Andreas Mann spent a week of vacation time painstakingly prepping and staining his deck in north Edmonton two years ago.
He used a product that came with a four-year guarantee, so he was surprised this fall when he noticed that flakes of the stain were already coming off. By spring, large chunks were gone and it was clear the deck would need to be re-stained.
"It's devastating because it's not just the paint and the money, which you're putting in — it's your free time, it's your labour, it's your sweat," Mann said.
Mann complained to the store from which he bought the stain and the company that makes it. The manufacturer offered him some compensation, but he refused to sign a release form that included a confidentiality clause.
Many deck stain companies say their products will last for four years or longer, but many Canadians see their stains peel prematurely.
Multiple professional painters told CBC News that stains can last three to four years, but only if wood is properly prepared and the stain is applied at the right time.
'It's not about the money'
Mann trained as a professional painter in Germany, so he knew the steps he should take before and after staining his deck.
After washing the pressure-treated wood, he let it dry for several days before sanding it down with two types of sandpaper. His wife used a vacuum to ensure all of the dust and debris was gone before painting.
Mann applied two coats of Olympic Maximum Stain + Sealant, since one didn't sit well on the wood, he said.
In the following months, he protected his deck from the elements. He wiped off water if there was excessive rain, and swept off snow with a broom to avoid scraping the stain with a shovel.
After discovering the extent of the stain damage this spring, Mann complained to the Lowe's store where he had bought the product.
Through Lowe's, a representative for the stain manufacturing company, PPG, got in touch with Mann. After some back and forth, the company offered to reimburse him for the bucket of the stain he used, as well as money to cover a paint stripper, cleaner and a bucket of a different stain.
Before receiving a cheque, however, Mann was asked to sign a release form, which he shared with CBC News.
The form said PPG Canada would pay Mann $485.46, not as "an admission of any liability" but "to settle the claim on an amicable basis, to avoid litigation."
Both parties would accept to preserve the "highly confidential" character of the agreement and to refrain from sharing it with anyone, it stated.
Mann said he did not sign the form because he wanted to share his experience so others could learn from it.
"It's not about the money anymore," he said.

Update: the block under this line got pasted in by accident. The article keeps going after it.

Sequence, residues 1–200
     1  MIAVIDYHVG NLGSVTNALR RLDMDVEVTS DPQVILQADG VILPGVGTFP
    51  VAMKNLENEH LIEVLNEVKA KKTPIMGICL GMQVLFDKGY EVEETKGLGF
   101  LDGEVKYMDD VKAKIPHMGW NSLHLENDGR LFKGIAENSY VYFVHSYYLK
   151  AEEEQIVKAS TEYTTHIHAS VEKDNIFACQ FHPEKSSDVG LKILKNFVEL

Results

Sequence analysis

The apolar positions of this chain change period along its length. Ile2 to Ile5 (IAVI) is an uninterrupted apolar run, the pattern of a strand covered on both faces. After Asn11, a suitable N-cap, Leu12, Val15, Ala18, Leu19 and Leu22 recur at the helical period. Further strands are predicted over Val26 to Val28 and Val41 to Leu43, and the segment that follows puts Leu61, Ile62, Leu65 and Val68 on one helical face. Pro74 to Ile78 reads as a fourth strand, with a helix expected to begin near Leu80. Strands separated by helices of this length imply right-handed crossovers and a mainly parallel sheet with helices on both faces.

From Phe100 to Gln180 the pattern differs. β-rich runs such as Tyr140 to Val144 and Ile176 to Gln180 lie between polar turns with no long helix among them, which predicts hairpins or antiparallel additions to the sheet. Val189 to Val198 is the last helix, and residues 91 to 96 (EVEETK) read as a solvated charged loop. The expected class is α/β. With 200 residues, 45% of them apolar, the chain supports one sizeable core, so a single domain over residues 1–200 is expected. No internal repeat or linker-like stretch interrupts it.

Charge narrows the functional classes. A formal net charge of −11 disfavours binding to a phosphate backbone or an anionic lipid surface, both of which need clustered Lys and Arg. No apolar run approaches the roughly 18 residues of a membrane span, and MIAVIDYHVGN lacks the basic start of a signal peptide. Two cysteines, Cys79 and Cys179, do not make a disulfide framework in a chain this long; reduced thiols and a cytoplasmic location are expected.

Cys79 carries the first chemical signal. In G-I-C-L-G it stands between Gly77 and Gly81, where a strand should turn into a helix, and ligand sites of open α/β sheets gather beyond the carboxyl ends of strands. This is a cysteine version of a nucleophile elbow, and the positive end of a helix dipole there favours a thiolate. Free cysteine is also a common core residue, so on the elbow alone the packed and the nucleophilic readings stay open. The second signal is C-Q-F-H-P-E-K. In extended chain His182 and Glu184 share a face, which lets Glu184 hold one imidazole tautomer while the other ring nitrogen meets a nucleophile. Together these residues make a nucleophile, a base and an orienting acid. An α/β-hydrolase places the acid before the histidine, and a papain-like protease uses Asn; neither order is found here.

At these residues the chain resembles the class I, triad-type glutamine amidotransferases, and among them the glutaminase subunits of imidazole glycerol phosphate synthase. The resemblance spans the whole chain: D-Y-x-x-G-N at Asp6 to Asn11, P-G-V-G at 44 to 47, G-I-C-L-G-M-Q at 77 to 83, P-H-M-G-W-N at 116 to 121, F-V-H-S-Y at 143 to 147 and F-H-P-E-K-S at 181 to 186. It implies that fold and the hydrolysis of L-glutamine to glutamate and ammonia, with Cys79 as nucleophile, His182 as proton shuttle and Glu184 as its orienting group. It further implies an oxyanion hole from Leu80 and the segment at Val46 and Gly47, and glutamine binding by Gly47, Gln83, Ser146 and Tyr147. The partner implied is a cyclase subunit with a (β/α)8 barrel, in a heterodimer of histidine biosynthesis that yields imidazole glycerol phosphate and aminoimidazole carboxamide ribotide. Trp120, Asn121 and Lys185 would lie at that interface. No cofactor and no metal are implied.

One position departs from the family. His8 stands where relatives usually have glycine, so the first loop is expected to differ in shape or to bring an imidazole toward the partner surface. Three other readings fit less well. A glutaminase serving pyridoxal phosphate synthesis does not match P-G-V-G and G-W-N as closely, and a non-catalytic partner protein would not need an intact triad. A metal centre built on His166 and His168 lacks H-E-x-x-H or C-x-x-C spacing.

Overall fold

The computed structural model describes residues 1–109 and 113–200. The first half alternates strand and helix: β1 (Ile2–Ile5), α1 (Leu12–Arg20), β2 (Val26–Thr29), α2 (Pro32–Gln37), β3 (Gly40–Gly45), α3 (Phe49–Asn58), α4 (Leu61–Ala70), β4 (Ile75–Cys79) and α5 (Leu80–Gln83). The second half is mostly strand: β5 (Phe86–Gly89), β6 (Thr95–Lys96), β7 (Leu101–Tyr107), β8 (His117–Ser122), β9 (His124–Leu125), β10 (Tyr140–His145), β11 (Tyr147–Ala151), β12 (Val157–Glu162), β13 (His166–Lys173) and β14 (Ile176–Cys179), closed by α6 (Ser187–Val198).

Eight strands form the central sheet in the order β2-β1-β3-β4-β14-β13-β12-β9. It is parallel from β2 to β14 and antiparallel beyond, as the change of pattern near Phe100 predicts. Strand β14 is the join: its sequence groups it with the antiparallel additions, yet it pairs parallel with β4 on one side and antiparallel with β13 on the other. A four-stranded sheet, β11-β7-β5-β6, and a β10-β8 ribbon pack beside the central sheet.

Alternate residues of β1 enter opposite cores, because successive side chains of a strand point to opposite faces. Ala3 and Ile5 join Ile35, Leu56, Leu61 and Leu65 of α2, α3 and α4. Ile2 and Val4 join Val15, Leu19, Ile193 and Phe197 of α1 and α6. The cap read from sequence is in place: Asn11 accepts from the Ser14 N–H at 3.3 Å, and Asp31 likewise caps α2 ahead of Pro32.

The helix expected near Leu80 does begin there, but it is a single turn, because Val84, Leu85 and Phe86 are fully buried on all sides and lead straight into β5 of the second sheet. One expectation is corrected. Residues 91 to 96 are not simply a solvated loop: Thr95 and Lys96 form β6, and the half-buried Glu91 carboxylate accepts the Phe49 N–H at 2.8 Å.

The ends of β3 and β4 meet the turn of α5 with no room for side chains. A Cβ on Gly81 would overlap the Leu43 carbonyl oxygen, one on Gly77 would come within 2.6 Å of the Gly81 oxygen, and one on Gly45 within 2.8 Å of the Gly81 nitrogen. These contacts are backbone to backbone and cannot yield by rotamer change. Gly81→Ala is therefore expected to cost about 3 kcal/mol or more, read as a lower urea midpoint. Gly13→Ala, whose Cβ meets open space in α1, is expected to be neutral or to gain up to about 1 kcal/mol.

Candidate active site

Mann was also frustrated by some of the suggestions from PPG: that he should have only used one coat of stain, that his ground-level deck didn't have enough room for air flow underneath and that the proper way to stain his deck would be painting all six sides of the wood.
He wished the company had sent someone to his home to inspect the deck in person and compensated him for his labour.
Company stands by stain
The stain Mann used is satisfaction-guaranteed for four years on decks when it has been applied and maintained according to the label directions, said Mark Silvey, PPG's director of corporate communications, in a statement via email.
The application directions say consumers should paint when no rain is expected for eight hours, and when the temperature is at least 2 C and will stay warmer than that for 24 hours, the instructions say.
Consumers should also apply one thin coat and avoid staining in direct sunlight, they add.
Silvey said the company's technical services team is available by phone to help customers with questions.
How to prevent premature peeling
Two Red Seal journeyman painters in Edmonton told CBC News that deck stain should last three to four years, but many homeowners see it fail sooner because of insufficient prep work, staining at the wrong time or using the wrong products.
David Ebert of King Coatings said preparation is the most important part of the staining process.
He uses a moisture reader to make sure wood is dry enough to stain — containing between 12 and 15 per cent moisture — and he doesn't like pressure-washing because it tends to force water into the wood.
If pressure-washing first, Ebert recommends leaving the deck to dry for four days.
After sanding — usually first with 60-grit paper, then 120-grit paper — he either vacuums up dust, or uses a compressor and air gun to blow away debris.
Ebert recommends applying stain when the temperature is between 15 and 24 degrees and, ideally, not in direct sunlight.
"If the wood isn't dry enough and people are doing it in the hot sun, that also causes the stain to evaporate a little quicker," he said.
Mike Pratt of Precision Cut Painting recommends researching stains and picking one of good-quality with positive reviews.
He also suggests using a staining brush — not a regular painting brush — and reading all the instructions on the stain's label.
The label on the stain Mann used said it could be applied eight hours after rainfall, but both Ebert and Pratt recommend waiting longer for wood to fully dry out before painting.
Ebert said cedar tends to hold up better than pressure-treated wood and that, on Edmonton decks, oil-based stains seem to last longer than those that are water-based.
His final recommendation: use a tarp to protect the deck from moisture during the winter.
"It gives it a much longer longevity," he said.